As Zillow Group works feverishly to get direct agreements with MLS organizations, the challenge of negotiating license terms acceptable to the MLS has led some to suggest that the easy answer might be for the MLS just to give each broker RETS credentials for their listings (and only their listings), which they could then share (yes, you heard me right, share a single set of credentials) with whatever site the broker wants. To protect itself, the MLS would require the broker to sign a legal agreement saying the MLS was absolved of responsibility and all sorts of other well-crafted legalese.
In other words, the MLS would be trying to wash its hands of the syndication mess by turning it over to each broker via their own personal RETS feed from the MLS, which would now be managing hundreds or thousands of these feeds, accessed by RETS credentials freely shared by brokers with whoever they want without any knowledge by the MLS of who has or is using those credentials. This approach is wrong-headed at nearly every turn and brings to mind the old saying, “death by a thousand cuts,” only now it’s death by thousands upon thousands of feeds.
This “thousands of feeds” idea is what I’d call form over substance in that it’s really just another way to allow the broker to opt-in to sending their listings somewhere. The MLS is still the source of the data (its coming from the MLS RETS server, after all) and so the MLS will still be pestered with support questions about the data, only worse because the MLS won’t have any way to know who the broker has authorized to access or use the data. Can’t you hear the calls now, “Why is my listing on site XXX not up to date?” Unfortunately, the MLS won’t be able to answer because it won’t have any idea.
As an MLS vendor providing support to MLSs, we know all too well that MLSs, as service organizations, are dragged into these problems whether they have legal responsibility for it or not. Pointing to some legal agreement absolving the MLS of their responsibility doesn’t go a long way toward solving the actual problem, which is the data being sent far and wide with no one really knowing where or who is using it or for what purpose.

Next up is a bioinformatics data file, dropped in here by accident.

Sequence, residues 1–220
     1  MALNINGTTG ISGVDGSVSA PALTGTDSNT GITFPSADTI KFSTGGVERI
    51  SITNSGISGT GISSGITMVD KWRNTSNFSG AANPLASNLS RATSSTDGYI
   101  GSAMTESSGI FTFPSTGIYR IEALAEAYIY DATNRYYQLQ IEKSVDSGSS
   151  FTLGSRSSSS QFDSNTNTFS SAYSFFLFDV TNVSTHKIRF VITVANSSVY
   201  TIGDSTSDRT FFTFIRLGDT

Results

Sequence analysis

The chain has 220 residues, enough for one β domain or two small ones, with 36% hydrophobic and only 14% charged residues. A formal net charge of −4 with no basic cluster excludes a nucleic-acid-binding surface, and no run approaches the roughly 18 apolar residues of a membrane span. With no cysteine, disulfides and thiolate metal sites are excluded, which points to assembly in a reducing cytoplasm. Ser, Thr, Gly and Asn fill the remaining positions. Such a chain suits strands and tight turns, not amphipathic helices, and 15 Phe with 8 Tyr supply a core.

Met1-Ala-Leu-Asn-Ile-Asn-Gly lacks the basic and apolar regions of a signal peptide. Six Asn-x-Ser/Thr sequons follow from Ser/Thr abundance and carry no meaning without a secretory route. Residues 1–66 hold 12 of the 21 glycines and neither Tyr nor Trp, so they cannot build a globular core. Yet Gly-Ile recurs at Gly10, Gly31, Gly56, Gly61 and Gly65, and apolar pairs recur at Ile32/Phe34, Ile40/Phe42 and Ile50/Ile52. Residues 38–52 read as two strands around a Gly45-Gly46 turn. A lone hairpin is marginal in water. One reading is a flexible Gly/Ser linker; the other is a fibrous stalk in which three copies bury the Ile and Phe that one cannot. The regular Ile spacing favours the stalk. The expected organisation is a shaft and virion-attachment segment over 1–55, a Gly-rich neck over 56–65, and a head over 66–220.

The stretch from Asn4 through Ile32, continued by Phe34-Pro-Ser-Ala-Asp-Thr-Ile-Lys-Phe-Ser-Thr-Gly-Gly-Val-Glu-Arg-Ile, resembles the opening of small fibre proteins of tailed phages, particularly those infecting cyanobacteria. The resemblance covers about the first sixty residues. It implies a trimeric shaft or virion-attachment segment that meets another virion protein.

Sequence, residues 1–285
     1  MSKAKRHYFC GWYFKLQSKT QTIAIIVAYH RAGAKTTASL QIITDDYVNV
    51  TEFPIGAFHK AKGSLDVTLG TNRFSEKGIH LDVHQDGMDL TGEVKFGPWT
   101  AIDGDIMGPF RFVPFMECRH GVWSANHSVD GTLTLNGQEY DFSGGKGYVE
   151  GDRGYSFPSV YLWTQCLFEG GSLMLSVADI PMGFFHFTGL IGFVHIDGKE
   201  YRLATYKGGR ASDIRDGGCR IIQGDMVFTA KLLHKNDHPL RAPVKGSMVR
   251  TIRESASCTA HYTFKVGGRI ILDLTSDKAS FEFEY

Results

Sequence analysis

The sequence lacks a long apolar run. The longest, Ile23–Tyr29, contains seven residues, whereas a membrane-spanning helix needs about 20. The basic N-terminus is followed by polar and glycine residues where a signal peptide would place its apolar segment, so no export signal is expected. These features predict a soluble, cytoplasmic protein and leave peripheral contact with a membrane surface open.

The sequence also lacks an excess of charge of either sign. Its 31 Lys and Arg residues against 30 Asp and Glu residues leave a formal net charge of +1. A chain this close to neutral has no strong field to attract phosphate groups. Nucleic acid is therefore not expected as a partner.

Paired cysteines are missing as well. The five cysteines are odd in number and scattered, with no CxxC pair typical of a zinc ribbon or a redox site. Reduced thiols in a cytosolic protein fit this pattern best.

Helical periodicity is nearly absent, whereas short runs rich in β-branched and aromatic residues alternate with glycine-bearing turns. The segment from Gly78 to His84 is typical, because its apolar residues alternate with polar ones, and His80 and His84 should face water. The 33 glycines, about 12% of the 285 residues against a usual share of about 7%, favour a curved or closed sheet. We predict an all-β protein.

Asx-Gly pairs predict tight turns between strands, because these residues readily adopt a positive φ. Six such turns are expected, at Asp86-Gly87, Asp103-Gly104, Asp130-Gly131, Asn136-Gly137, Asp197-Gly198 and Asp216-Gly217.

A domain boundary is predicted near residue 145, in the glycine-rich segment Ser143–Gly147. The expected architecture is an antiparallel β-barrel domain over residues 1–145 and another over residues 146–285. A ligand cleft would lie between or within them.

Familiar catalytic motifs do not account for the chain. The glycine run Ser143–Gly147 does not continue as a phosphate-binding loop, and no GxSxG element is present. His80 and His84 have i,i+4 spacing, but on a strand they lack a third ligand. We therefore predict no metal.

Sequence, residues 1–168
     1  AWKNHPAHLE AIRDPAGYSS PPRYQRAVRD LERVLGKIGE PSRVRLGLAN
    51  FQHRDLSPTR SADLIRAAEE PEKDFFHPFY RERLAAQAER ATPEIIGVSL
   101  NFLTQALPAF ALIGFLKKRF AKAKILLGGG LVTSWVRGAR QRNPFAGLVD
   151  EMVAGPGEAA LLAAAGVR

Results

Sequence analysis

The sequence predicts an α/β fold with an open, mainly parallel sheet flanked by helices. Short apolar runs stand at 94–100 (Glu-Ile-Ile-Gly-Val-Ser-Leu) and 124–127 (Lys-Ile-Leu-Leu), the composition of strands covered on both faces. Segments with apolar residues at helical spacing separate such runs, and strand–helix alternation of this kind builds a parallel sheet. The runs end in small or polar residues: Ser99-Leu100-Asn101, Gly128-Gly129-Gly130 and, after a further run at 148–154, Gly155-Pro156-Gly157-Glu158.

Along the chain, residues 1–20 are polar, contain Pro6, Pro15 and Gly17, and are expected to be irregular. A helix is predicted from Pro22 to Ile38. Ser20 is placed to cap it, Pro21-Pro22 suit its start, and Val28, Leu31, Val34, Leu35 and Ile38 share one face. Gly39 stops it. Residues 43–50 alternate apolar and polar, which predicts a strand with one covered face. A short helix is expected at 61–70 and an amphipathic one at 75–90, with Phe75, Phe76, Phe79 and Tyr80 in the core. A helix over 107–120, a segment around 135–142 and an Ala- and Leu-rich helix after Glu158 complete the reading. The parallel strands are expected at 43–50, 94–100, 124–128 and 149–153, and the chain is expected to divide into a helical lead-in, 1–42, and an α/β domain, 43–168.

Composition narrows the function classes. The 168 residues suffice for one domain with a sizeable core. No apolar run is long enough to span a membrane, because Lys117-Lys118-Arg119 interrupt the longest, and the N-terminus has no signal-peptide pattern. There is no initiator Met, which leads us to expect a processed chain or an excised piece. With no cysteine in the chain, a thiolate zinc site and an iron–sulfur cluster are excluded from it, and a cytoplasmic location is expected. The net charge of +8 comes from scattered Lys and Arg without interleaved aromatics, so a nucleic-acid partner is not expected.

No, the answer to the syndication challenge is not for the MLS to try to wash its hands of the situation but rather to use an MLS-directed and broker-controlled opt-in syndication platform, such as what FBS provides through its Flexmls system. Such a system allows each broker to control what sites get their listings while also allowing the MLS to manage the feed to each destination. Instead of thousands of individual feeds to each destination, the MLS provides one feed that only contains the listings of the brokers who opt-in (or don’t opt-out) to sending their listings to that site.
I don’t want to end this post simply by advising against this thousands of feeds idea, because I think there’s an opportunity for MLSs to improve the syndication experience for the brokers and for MLSs. For the last several years, MLSs have left syndication to companies like Listhub and Point2. Now, however, MLSs have an opportunity to seize control of this critical function, empower their brokers, create competition among the portals, and leverage the incredible value the MLS has created by getting competitive brokers to cooperate with each other. Instead of washing their hands, MLSs should seize this opportunity to create a win for the industry.